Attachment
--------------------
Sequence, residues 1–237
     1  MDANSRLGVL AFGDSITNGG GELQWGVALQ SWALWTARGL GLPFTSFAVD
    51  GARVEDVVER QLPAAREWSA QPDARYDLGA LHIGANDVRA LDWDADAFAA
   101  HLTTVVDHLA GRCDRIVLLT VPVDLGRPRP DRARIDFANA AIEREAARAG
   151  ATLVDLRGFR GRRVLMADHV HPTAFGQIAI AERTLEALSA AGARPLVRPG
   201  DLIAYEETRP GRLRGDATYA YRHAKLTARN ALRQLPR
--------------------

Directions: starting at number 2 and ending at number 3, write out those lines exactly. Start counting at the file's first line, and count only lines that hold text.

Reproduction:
     1  MDANSRLGVL AFGDSITNGG GELQWGVALQ SWALWTARGL GLPFTSFAVD
    51  GARVEDVVER QLPAAREWSA QPDARYDLGA LHIGANDVRA LDWDADAFAA